Adrian Kavanagh, 19th July 2012
The passing of gender quota legislation in the Dail today, linking the state funding of political parties to a requirement that female candidates will account for at least 30% of those parties’ total number of candidates, is a notable achievement and a timely one, given the desperately low levels of female candidatures as highlighted by previous posts relating to this topic on this site. But it does not fully solve the problem of low levels of female representation at national or local levels, although it is without a key first step in this process, as a number of challenges are posed in relation to the effective implementation of such quotas by the different political parties.
One of these challenges was the decision by the Constituency Commission to reduce the number of Dail seat numbers by eight, in light of the government’s decision to reduce such numbers as highlighted in the 2011 Electoral Act. This means that any increased number of female candidates will ultimately be vying for a smaller number of Dail seats. It also poses some hard decisions for a number of the political parties, but especially Fine Gael. On the one hand the parties may feel the need to reduce candidate numbers at the next election in light of reduction in Dail seat numbers from 166 to 158, but on the other hand gender quota provisions will require these parties to run a significantly higher number of female candidates. The former scenario may not earn favour amongst political parties, but it is worth noting that there are a number of recent cases where parties managed to gain/retain seats despite apparently “running too many candidates” as evident in the cases such as Fine Gael in Galway East (2007/2011), Labour in Galway East (2011), the Progressive Democrats in Galway West (2002/2007) and Fianna Fail in Laois-Offaly in 2011 (the party did lose a seat here, but the decision to run three candidates instead of two was instrumental in Fianna Fail holding two of their seats in that elections). The latter scenario would either be requiring parties to run larger numbers of candidates in total for a smaller number of seats, or else may require these parties to reduce their number of male candidates either by blocking the candidatures of male aspirants or possibly by means of the de-selection of male incumbents. This, in turn, could lead to a significant increase in the number of gene pool independents at the next election, as disaffected male candidates, who feel they have been unfairly blocked at party selection conventions due to the gender quota, may opt to run as independent candidates and could ultimately go on to defeat the female official party candidate in the general election contest, especially if the political context of the next general election is favourable towards independent candidates. Thus, one knock on effect of the legislation may be to increase the number of male independent candidates at the next election, over and above the already skewed proportion of males amongst the independent candidate ranks at the last general election.
Against this, one other knock on effect of the recent Constituency Commission report is that this does offer opportunity spaces for female candidates to compete successfully for seats in the newly enlarged (amalgamated) constituencies (such as Dublin Bay North, Donegal, Kerry and Tipperary) or in constituencies that effectively gained seats in these boundary redrawals (such as Offaly and Dublin Fingal). Evidence from the last local elections showed instances where new female candidates were able to emerge with significant levels of success in local electoral areas that had gained seats, as indeed was the case with the three Dublin Inner City constituencies. Against that, the loss of seats by certain constituencies (such as Dublin Rathdown (the old Dublin South) and Dublin South Central) will pose significant challenges for female aspirants and female incumbents (as indeed for male aspirants and incumbents) contesting these constituencies.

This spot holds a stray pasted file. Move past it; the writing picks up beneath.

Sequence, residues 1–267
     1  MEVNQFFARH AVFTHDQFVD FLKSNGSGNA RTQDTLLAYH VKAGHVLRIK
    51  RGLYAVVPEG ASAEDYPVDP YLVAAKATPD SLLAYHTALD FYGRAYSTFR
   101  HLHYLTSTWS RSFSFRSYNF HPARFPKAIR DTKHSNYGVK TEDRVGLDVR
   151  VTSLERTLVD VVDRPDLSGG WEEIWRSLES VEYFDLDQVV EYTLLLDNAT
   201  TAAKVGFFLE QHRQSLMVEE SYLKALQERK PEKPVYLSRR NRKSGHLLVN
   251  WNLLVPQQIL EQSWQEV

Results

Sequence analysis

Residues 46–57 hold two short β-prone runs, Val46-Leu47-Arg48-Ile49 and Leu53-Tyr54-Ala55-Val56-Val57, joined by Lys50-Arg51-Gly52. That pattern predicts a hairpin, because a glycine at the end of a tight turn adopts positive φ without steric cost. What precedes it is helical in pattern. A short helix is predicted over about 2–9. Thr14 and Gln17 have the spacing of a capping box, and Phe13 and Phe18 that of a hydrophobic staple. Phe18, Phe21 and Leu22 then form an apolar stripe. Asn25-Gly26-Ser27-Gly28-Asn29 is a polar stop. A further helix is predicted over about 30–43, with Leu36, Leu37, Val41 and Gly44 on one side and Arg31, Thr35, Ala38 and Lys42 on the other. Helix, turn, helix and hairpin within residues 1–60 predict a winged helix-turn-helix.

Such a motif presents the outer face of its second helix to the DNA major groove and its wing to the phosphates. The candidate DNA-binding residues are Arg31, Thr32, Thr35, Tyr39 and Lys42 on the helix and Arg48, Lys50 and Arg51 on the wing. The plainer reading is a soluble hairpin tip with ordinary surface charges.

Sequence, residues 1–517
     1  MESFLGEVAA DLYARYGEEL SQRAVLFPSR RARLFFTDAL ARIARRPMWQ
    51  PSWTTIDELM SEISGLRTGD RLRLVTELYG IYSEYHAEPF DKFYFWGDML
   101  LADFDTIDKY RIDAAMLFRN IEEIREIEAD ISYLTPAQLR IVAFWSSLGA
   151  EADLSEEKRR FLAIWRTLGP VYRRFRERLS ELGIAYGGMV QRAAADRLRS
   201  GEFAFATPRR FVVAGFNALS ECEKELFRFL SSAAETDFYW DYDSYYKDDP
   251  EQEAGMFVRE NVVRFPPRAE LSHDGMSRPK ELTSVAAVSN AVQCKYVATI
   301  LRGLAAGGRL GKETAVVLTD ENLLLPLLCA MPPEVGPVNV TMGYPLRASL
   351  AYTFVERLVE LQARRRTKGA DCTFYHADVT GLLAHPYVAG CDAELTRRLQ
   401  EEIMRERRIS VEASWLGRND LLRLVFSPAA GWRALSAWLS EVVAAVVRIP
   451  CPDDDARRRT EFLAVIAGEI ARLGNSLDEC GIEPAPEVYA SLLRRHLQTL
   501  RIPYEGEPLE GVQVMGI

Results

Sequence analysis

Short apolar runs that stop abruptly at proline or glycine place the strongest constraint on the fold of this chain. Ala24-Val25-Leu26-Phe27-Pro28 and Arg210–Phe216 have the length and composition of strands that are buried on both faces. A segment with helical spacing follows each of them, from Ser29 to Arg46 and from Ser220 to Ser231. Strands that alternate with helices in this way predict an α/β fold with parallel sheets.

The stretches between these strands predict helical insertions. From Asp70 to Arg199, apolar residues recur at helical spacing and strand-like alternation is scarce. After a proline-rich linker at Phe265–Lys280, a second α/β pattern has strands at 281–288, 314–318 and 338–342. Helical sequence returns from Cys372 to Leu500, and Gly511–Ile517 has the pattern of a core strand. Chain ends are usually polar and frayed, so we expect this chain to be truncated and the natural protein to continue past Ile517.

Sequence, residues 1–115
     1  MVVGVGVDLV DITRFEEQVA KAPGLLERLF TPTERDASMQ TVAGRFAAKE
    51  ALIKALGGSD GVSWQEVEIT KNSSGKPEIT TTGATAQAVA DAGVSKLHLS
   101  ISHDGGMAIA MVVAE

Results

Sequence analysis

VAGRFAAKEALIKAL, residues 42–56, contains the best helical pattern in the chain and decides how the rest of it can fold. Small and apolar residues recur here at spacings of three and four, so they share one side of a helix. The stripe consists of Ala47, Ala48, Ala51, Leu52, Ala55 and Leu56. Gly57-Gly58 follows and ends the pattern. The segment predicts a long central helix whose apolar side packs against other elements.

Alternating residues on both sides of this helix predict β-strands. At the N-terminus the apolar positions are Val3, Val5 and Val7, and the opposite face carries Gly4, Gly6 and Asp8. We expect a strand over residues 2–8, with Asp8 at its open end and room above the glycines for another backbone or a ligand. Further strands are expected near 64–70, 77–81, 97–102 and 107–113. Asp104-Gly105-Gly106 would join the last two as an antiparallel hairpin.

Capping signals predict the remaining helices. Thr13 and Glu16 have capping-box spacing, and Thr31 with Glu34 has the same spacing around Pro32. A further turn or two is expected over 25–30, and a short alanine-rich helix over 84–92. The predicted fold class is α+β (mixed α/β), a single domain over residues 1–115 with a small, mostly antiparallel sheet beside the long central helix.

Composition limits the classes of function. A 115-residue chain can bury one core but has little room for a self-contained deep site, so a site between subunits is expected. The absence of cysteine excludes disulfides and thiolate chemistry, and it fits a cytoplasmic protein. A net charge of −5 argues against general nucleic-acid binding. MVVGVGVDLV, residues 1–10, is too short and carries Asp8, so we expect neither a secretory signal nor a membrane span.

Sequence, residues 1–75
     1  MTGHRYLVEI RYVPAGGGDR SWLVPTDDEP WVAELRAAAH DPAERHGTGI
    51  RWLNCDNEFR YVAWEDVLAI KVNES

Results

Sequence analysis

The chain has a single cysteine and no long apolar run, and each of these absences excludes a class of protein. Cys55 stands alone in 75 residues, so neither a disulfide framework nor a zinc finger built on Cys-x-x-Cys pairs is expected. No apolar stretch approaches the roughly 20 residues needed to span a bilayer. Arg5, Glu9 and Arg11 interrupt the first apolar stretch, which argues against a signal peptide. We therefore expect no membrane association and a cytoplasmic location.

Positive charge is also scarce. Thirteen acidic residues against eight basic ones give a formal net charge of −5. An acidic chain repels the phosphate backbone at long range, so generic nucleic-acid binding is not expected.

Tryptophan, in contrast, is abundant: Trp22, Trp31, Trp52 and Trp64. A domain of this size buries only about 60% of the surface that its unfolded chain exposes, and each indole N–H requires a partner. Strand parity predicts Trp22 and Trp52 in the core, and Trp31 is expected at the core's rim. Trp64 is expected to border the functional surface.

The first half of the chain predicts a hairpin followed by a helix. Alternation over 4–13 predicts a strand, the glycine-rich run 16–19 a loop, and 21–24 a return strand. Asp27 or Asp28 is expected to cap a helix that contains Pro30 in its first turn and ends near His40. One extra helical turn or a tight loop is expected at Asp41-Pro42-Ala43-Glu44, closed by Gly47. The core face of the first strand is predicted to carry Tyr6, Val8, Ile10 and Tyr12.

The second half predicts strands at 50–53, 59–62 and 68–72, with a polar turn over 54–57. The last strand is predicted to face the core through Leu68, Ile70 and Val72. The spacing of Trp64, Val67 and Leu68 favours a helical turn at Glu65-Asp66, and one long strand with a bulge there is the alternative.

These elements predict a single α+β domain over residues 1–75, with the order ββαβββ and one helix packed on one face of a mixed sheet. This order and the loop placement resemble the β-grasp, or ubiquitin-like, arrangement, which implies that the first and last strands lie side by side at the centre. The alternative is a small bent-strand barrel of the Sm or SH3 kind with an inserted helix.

Another worry is that political parties may simply run a number of female candidates as paper candidates in order to bring up the party’s percentage of female candidates above the 30% level. In the case of the smaller parties this may amount to these parties running a large number of female candidates in constituencies where they feel they have little chance of winning seats, e.g. Sinn Fein running female candidates in Dun Laoghaire and Dublin Rathdown (although admittedly Sinn Fein did run a female candidate, Sorcha Nic Cormaic, in the old Dublin South), the Green Party running female candidates in rural constituencies. The same thing could also apply in the case of Labour with regards to a number of constituencies in the Connacht-Ulster region, or indeed other constituencies in rural Ireland such as the new Offaly constituency. In the case of the larger parties, this might amount to female candidates being added to the ticket in constituencies (especially relatively close to the holding of the election) where they enjoy little prospect of winning seats and may ultimately be there as sweeper candidates to win votes in their immediate local areas that can then be transferred on to, and help elect, their more established male running mates. Against this argument, it is worth noting that female candidates, once selected, generally tended to be almost as successful as male candidates at the last general election; the low number of votes won by female candidates at General Election 2011 was largely due to the low numbers of female candidates selected by the parties (in addition to the very low percentage of females amongst the independent candidate ranks) at that contest.